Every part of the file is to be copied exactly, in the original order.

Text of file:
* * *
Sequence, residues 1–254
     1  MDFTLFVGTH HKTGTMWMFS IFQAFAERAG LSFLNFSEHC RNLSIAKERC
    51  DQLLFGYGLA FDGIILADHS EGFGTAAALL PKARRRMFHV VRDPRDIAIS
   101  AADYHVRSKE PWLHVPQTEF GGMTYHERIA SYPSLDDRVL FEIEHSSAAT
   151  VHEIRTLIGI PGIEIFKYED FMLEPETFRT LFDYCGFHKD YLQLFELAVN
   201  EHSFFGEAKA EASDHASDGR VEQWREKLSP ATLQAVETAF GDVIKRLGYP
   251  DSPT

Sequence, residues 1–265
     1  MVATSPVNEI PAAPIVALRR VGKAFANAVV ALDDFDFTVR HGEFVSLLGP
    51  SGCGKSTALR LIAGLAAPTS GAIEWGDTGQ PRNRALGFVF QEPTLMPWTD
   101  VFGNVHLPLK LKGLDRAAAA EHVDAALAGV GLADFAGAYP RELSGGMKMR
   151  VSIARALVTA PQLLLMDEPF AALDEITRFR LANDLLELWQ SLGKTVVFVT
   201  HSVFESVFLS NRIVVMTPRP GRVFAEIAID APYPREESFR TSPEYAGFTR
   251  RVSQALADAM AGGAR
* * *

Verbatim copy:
Sequence, residues 1–254
     1  MDFTLFVGTH HKTGTMWMFS IFQAFAERAG LSFLNFSEHC RNLSIAKERC
    51  DQLLFGYGLA FDGIILADHS EGFGTAAALL PKARRRMFHV VRDPRDIAIS
   101  AADYHVRSKE PWLHVPQTEF GGMTYHERIA SYPSLDDRVL FEIEHSSAAT
   151  VHEIRTLIGI PGIEIFKYED FMLEPETFRT LFDYCGFHKD YLQLFELAVN
   201  EHSFFGEAKA EASDHASDGR VEQWREKLSP ATLQAVETAF GDVIKRLGYP
   251  DSPT

Sequence, residues 1–265
     1  MVATSPVNEI PAAPIVALRR VGKAFANAVV ALDDFDFTVR HGEFVSLLGP
    51  SGCGKSTALR LIAGLAAPTS GAIEWGDTGQ PRNRALGFVF QEPTLMPWTD
   101  VFGNVHLPLK LKGLDRAAAA EHVDAALAGV GLADFAGAYP RELSGGMKMR
   151  VSIARALVTA PQLLLMDEPF AALDEITRFR LANDLLELWQ SLGKTVVFVT
   201  HSVFESVFLS NRIVVMTPRP GRVFAEIAID APYPREESFR TSPEYAGFTR
   251  RVSQALADAM AGGAR